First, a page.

Critically Analyzing Literature

Sounds difficult, right? To critically analyze something you have to be able to break down to the core of it and take it apart piece by piece, putting it back together in a way that’s tangible and understandable while still making your point.

Complicated, I know.

But critically analyzing literature isn’t as difficult as it may seem. Of course you’ll stumble and fall at the beginning, but that isn’t to say you won’t improve as you advance in the ways in which you look at it.

Let’s take Mary Shelley’s “Frankenstein” for example. I had to critically analyze her book a couple of years ago, and I had no idea what that meant! From what I remember I understood that it wasn’t the monster’s fault for the positions he was put in because he sought out human companionship, but rather it was Frankenstein’s fault for bringing him to life in the first place – in fact, the monster blamed him for it!

When you critically analyze a piece of literature, don’t just look on the surface or what’s obvious about the piece; take the time to really dig down and find the hidden meanings behind the words.

If you look at, say, “Divergent” by Veronica Roth, you will find the hidden places where God, and some lessons learned in the Bible, are mentioned because she is a Christian, herself. Or if you look at “Sense and Sensibility” by Jane Austen you might discover the lies behind the way some characters acted and portrayed themselves, as well as find that that was really how that certain section of society really acted. It’s all a matter of perspective, and you won’t necessarily be wrong about it.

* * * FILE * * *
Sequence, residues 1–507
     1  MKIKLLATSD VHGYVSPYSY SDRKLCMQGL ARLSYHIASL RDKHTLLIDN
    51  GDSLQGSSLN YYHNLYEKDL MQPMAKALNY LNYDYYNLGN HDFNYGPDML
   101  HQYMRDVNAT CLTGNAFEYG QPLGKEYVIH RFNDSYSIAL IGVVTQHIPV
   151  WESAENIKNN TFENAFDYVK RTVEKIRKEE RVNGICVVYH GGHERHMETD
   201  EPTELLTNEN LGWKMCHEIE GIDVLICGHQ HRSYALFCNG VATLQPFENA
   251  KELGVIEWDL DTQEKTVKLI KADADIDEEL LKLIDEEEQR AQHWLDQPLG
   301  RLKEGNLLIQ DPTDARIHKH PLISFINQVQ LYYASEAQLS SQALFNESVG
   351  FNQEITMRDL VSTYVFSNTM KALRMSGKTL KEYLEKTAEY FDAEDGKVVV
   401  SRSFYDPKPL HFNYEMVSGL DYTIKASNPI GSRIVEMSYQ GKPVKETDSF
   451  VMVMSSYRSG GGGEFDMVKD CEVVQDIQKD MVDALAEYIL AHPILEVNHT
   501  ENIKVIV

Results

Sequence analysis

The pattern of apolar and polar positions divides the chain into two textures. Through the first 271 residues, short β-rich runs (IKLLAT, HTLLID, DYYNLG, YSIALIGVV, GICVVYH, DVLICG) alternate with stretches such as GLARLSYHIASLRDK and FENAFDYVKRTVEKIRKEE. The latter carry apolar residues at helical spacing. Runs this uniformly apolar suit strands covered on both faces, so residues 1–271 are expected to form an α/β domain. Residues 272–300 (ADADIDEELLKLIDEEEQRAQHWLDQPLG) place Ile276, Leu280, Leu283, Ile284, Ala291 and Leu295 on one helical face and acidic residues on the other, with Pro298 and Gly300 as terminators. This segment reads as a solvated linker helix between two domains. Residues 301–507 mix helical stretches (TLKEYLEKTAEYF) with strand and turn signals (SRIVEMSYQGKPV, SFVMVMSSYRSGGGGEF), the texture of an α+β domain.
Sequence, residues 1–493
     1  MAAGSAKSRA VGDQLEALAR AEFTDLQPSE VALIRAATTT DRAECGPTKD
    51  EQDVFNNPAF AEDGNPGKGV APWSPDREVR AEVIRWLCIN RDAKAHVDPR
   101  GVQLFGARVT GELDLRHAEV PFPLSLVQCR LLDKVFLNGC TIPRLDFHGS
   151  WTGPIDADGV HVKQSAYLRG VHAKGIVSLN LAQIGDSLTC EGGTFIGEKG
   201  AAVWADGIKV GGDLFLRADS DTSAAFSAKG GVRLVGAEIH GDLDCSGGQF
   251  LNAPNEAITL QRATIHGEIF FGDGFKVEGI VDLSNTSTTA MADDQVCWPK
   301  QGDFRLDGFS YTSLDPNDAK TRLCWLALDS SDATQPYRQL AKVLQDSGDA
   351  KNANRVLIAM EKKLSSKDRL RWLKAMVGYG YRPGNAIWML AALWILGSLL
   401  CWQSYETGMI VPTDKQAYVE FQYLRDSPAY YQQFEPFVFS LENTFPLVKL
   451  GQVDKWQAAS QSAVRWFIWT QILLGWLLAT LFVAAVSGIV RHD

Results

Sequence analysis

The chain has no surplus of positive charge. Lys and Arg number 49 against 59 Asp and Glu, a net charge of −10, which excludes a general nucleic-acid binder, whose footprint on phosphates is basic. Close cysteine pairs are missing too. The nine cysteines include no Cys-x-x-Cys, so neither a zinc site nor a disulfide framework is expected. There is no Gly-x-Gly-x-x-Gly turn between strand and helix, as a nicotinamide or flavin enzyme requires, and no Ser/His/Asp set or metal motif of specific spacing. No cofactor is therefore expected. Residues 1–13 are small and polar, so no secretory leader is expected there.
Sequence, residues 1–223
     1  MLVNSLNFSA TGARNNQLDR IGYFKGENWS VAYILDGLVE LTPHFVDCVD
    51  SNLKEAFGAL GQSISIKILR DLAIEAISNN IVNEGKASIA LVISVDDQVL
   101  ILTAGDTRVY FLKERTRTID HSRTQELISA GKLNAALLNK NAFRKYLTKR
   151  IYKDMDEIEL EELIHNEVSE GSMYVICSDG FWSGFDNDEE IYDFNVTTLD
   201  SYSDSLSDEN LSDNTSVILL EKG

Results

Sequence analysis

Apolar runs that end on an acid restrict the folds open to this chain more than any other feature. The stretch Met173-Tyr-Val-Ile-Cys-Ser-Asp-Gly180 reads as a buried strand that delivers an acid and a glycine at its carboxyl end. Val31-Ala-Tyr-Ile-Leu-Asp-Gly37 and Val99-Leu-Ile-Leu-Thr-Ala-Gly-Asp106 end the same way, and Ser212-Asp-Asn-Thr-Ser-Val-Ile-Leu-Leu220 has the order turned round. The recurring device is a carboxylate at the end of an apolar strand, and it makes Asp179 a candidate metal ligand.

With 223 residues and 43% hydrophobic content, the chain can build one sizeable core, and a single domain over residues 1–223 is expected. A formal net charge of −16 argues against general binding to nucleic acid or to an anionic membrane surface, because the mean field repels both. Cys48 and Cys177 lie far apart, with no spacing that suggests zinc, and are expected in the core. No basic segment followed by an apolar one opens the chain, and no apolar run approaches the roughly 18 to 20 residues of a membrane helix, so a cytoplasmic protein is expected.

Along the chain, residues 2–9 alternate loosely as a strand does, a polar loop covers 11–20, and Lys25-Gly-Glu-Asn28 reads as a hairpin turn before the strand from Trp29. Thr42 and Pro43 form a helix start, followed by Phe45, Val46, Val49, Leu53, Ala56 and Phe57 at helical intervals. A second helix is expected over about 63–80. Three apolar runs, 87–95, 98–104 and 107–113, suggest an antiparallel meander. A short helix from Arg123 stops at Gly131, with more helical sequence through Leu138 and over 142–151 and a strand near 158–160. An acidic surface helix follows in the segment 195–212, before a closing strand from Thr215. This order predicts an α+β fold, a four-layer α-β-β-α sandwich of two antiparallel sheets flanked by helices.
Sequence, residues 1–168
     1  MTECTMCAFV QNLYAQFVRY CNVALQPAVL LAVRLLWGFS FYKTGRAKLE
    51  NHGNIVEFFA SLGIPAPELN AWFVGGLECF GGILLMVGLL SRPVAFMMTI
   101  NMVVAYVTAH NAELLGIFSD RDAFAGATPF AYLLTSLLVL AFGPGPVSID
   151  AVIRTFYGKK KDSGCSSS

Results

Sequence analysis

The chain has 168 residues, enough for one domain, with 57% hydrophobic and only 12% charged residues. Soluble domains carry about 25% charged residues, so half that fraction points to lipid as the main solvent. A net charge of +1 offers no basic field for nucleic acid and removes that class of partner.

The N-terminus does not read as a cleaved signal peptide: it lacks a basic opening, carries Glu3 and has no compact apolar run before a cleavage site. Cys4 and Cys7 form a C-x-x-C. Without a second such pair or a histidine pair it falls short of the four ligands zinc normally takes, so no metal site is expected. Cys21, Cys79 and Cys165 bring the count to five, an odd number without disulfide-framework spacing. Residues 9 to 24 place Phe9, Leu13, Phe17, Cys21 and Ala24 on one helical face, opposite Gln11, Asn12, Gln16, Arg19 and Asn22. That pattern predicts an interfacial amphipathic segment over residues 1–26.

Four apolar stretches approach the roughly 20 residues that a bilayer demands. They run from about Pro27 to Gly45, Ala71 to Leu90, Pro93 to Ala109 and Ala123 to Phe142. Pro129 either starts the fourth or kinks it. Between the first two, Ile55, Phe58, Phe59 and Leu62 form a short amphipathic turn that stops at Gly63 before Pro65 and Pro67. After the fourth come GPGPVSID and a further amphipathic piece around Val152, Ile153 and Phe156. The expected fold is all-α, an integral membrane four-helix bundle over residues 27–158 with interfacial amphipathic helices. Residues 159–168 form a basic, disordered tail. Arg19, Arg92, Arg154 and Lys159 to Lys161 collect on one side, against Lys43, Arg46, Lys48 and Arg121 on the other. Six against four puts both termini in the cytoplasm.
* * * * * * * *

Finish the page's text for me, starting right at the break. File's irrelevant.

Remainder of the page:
There are several methods to analyzing literature, such as marking around certain areas that stand out and doing research in online scholarly journals on the same subject or line, or working with someone who knows more on the subject than you do, etc. There are countless ways to analyze, but you also have to have the mind for it, i.e. you have to be willing to look deeper into the story than just what’s at the surface.

But this also isn’t to say that you absolutely can’t get off with just writing down your own opinions, oh no. You have to do the research behind it. Who else wrote about the subject? Are they big names in reputable journals or are they just found on easy-access websites with no citations or anything of the like? It’s about knowing what you’re looking for, and oftentimes that can be a difficult thing to do.

Have you ever had to critically analyze a piece of literature? If so, what was it and how did you go about doing it? Let me know in the comments below!

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